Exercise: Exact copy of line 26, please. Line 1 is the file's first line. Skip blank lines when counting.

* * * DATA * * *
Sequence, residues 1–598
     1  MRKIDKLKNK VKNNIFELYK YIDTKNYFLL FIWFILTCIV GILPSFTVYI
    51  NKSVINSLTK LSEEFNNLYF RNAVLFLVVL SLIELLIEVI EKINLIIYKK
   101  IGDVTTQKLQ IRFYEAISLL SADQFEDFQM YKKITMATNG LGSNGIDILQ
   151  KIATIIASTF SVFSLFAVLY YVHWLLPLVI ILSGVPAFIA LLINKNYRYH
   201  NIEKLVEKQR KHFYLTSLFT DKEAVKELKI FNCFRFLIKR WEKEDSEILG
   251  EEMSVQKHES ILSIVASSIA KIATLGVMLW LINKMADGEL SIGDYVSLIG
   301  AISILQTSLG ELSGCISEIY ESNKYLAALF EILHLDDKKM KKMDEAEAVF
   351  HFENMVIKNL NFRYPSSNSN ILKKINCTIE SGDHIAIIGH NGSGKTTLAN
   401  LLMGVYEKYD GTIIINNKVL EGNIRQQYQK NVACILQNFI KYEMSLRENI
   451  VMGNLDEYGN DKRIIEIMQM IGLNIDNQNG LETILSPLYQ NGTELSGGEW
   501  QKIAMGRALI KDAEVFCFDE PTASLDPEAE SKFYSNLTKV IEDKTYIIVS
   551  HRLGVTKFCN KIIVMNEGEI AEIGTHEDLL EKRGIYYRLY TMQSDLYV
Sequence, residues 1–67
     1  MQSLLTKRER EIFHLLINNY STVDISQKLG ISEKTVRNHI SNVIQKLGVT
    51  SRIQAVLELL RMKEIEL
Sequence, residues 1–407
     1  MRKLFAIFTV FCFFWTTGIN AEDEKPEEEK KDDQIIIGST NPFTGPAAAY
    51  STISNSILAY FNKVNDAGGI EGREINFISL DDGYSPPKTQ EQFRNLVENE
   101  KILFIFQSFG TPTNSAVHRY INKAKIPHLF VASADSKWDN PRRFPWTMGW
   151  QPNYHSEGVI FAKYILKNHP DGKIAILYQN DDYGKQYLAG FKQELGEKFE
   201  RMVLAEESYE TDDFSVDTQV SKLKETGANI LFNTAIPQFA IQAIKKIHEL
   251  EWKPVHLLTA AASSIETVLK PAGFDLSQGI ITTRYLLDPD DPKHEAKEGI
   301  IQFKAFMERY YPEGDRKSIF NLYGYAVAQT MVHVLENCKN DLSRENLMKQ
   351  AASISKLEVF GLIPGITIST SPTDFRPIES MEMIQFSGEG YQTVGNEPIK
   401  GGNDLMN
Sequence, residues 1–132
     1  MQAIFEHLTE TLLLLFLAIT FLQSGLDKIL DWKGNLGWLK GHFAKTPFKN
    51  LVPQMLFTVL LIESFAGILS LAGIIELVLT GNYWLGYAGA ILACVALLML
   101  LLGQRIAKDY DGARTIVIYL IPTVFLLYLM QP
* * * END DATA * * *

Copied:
   401  GGNDLMN